Even more important was that several vanguard Trump loyalists lost elections by wide margins, like Stewart in Virginia and Kobach in Kansas. This stands as further evidence that Trump strategy/tactics aren’t that applicable.

    It wasn’t a Blue Wave – it was normal. So the Dems don’t have anything more than normal claims. Their resistance didn’t generate enough anger for a repudiation of Trump.

    It was normal only in the sense that people change parties when they become dissatisfied, which hints that Trump’s leadership has not been enough to win over a majority of the American population. The leftist narrative that a socialist/new wave would sweep through recently Republican territory was undone. The defeat of Gillum, Abrams, and Beto show that. That combo is not enough to win

    But, and it’s a big but, Gillum and Beto ran extremely close races in states with populations whose records would indicate strong leans towards conservatism. Texas doesn’t need explanation and Florida is extremely anti-income tax, it passed an amendment on it for crying out loud. Gillum advocated creating an income tax in his campaign and DeSantis openly argued he would attempt to emulate Trump and it was a very close race. Gillum shouldn’t have gotten that close.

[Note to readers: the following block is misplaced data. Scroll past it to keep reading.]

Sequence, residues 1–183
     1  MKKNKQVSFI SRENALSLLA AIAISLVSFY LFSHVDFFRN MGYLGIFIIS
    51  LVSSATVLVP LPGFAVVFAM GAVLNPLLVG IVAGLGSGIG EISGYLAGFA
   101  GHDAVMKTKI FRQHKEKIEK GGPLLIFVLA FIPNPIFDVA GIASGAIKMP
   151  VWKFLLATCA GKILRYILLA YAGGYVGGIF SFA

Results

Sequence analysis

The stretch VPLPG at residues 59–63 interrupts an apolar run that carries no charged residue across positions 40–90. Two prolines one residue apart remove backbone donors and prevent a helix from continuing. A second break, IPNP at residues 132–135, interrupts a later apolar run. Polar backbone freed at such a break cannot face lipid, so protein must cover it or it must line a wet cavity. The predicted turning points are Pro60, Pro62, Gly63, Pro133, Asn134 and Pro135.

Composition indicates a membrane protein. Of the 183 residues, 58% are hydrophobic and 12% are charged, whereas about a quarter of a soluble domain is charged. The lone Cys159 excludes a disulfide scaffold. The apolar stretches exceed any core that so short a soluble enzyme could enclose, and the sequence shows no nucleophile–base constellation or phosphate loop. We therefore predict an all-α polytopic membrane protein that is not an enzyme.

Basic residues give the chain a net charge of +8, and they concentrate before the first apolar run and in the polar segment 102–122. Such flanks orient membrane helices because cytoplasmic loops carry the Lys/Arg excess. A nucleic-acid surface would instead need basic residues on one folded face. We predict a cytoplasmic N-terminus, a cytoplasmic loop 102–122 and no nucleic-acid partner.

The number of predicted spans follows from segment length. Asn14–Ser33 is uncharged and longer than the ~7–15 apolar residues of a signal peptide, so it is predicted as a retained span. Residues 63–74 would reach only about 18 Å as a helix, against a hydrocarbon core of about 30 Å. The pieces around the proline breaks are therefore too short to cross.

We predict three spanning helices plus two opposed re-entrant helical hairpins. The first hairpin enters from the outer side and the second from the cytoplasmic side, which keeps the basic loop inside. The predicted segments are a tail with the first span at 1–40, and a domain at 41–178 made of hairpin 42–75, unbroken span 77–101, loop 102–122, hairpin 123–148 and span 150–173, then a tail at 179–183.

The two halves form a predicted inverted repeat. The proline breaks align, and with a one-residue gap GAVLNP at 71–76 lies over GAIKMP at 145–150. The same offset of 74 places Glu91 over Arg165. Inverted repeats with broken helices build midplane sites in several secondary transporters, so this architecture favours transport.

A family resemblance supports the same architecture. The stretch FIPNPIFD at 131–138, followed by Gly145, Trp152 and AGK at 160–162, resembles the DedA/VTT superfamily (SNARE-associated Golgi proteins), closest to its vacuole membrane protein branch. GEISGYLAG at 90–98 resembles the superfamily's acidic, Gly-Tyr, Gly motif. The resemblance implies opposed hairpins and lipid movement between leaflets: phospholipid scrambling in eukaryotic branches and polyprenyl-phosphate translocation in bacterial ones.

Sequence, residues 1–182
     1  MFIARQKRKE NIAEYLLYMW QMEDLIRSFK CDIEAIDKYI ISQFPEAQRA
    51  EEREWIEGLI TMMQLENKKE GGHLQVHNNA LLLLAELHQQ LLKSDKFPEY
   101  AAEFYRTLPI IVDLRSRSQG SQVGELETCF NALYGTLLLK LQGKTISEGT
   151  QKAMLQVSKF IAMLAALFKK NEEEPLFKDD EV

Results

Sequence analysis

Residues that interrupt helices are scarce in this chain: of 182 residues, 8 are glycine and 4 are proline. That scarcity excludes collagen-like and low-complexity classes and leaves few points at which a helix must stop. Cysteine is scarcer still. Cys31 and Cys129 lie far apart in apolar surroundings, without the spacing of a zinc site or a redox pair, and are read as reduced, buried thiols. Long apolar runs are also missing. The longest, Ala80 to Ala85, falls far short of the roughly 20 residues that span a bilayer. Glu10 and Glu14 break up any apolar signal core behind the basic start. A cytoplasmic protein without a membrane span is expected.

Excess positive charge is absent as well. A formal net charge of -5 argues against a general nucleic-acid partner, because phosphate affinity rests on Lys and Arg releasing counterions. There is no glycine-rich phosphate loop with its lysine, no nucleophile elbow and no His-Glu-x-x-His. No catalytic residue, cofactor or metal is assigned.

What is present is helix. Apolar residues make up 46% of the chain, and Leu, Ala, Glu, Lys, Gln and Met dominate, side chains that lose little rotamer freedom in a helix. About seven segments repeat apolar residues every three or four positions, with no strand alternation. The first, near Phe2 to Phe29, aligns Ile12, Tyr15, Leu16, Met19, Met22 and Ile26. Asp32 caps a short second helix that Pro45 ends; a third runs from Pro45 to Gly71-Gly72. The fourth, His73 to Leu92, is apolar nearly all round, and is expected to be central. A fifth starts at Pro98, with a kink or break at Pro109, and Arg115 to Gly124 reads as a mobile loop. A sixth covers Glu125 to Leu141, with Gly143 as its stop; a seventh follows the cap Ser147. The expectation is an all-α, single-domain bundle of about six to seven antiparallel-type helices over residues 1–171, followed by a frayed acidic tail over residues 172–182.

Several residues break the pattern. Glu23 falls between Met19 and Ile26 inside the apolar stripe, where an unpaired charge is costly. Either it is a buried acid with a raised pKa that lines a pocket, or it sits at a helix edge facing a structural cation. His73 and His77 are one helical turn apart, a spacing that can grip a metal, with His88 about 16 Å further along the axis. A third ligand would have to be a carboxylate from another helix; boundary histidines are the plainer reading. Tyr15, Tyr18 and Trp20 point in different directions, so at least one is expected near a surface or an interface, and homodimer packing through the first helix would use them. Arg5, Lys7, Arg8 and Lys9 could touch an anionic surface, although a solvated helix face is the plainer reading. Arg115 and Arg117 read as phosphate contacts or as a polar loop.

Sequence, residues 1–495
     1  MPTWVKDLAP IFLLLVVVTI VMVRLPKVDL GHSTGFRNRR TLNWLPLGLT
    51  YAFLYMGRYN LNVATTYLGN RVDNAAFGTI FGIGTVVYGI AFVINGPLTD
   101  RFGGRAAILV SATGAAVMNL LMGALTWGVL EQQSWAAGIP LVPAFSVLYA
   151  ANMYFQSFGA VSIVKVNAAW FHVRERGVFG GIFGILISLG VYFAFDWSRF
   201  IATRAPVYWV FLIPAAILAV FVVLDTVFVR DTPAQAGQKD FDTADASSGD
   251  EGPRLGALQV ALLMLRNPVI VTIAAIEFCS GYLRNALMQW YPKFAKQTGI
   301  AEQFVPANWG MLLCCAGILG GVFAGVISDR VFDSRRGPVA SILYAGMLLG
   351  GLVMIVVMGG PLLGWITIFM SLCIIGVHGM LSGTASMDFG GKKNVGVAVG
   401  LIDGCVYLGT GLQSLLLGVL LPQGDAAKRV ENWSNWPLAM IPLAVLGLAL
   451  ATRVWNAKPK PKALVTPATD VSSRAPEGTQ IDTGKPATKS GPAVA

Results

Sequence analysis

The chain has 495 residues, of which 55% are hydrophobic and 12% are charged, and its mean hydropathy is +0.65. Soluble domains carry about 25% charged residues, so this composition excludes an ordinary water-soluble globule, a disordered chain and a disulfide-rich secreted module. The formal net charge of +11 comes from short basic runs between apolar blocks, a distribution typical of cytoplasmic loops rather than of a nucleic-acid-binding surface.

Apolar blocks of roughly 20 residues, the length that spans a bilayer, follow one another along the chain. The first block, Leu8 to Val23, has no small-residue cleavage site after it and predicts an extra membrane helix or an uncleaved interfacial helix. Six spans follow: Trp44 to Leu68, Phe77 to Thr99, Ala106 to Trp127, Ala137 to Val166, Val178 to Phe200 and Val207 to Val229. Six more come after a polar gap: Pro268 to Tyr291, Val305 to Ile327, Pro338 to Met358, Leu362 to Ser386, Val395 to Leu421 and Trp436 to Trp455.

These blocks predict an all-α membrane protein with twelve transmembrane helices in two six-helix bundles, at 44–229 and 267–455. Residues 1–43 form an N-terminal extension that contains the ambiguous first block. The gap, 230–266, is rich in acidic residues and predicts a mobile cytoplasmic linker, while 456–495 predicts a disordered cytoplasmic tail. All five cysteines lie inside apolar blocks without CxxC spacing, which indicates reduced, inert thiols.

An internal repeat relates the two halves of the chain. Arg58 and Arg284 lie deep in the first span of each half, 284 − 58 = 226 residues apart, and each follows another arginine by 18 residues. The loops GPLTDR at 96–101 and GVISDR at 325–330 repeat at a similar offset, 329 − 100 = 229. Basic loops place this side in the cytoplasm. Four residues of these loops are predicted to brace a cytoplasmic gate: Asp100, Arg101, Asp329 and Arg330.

It wasn’t an ousting of Democrats, either. We turned out enough numbers to balance it out.

    No. If it was “balanced out” then it would be 50/50 in the Senate and House. Republicans gained and lost some Senate seats but the overall composition didn’t change. If we are counting gains against losses the Democrats won, but they didn’t win that much.

    The more interesting discussions are very local. Those won’t generate many conversations.

    Perhaps for some elections but many, perhaps most, were aimed at national topics. Even in the Midwest most campaign ads from candidates were using national topics as their bread and butter.

    The most controversial topic would be Kristol’s statement on election night about Demographics and destiny, but most who would disagree will pass such a discussion by with a sneer of such drivel not being worth their time. So no discussion.